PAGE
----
Check numbers are really quite fun. I think you and your child will enjoy learning about them and using them as an easy way to correct the computation of rows of numbers. It's a fast and efficient way to "check" if the basic math computation is correct. Another name for check numbers is "casting out 9's". Maybe you've heard of this? You add up the digits of a number and cast out the 9's and are left with a check number between 1 and 8. When you computer the check numbers they will figure out to have the correct check number of the final answer assuring you that you either got the correct answer or that you need to go back and check your computation. You will have a greater understanding of check numbers once you go through the three lessons that explain them in Level D.
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Check Numbers are great fun, but somewhat confusing at first. Here is my step by step explanation with a problem illustrating it. Remember it is just another way to check to see if the problem is right. It also shows the interconnectedness in math. As your child sees this amazing pattern it will cause him to begin looking for other patterns and thinking more abstractly. It is worth the time and effort to teach. It works because our number system is a base 10 system. We only use ten basic digits and then repeat them to form the other numbers. Here goes with my first attempt at an explanation. Try it and if you are confused, give us a call at our customer service line 888-272-3291.
If I were adding: 2987 + 5496 my answer would be 8483. Let's pretend I got it wrong by forgetting to carry one nuumber and wrote : 8383. It is close enough so I may not catch the mistake, but with check numbers I will. We added vertically to get the answer, now we will add horizontally across the rows to check the answer. I cannot have two digits. If I get two I add them together again getting a final single digit. I take 2987 and add the digits to make: 26, I add them to make 8 which is my "check number" for this row. I could also cast out nines and I would get the same number. I remove any 9s or combination of numbers that equal 9. for instance, 2 & 7=9 so I cross them off, and I cross off 9 leaving only 8 [which is my check number for that row.] I do the same thing for the second row. 5496 added together equals 24, 2 + 4=6 which is my check number. Casting out nines in that row I would remove the 5 +4 because they equal 9, and the 9 leaving 6, which is the same check number from above. When I get those two check numbers I add them together to get the number I am looking for: 8+6=14, 1+4=5 When I add my answer together to check it, 8383 added together=22=4. I can see clearly that 5 is not 4 so I know I MADE A MISTAKE IN MY ADDING. That is the purpose of the check numbers, to check myself and prove my accuracy, which will be necessary in higher level math like algebra and geometry. If I had the right answer: 8483 added together it equals 23, which is 2+3=5! My answer matches my check numbers and life is swreet!!!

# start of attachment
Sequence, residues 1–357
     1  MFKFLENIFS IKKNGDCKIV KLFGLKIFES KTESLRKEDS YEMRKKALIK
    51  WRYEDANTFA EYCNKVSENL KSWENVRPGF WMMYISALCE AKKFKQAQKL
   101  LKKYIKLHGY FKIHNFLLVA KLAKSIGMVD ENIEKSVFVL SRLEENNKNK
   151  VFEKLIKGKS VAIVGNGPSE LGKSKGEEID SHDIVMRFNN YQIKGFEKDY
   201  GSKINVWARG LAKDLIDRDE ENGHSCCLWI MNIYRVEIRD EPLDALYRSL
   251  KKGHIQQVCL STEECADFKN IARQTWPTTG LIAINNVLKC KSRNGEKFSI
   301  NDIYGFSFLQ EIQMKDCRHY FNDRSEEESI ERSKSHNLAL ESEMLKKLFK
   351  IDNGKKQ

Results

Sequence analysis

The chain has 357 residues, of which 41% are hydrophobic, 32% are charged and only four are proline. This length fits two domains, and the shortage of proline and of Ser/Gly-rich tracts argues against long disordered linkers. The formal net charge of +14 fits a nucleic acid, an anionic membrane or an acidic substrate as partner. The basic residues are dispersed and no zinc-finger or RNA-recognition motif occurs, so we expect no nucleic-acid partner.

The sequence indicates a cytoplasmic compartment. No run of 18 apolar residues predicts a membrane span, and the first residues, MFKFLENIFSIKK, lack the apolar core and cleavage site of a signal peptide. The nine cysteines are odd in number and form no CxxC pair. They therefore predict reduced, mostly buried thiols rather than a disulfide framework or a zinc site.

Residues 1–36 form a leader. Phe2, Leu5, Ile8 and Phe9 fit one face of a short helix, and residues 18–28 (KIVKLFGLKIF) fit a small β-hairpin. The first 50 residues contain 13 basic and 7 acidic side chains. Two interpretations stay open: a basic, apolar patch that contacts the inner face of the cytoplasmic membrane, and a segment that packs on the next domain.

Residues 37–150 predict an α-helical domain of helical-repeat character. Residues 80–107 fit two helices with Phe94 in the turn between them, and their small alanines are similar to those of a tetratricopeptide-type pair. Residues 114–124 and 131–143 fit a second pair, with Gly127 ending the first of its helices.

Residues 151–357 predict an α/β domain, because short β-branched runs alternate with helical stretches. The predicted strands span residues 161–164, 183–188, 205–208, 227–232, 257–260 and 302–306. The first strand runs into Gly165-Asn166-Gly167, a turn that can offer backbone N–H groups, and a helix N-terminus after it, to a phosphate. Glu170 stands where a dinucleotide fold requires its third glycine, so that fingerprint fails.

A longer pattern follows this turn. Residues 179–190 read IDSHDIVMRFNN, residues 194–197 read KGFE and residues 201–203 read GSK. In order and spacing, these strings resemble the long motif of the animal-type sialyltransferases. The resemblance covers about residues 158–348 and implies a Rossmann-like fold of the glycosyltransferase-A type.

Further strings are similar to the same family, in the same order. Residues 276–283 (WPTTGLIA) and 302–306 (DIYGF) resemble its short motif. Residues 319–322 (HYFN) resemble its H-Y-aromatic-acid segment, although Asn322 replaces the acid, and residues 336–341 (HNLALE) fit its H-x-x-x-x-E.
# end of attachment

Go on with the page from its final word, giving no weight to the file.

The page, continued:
I hope this helps. The curriculum will explain it with pictures to make it more clear and tells you what you do with subtraction, but I hope this helps give you more confidence that you can do it. If you would like to practice with an adult who could walk you through it step by step on the phone our customer service line is 888-272-3291. Don't get overly stressed on these "nice to know" items. They are fun for the kids and they get them so much quicker than we do. Remember they are not having to relearn math like you are. Don't tell them it is hard and it won't be. It is just a fun way to add and to be able to know absolutely that your answer is right. The NCTM is big on having children prove their answers are right and this is one great way!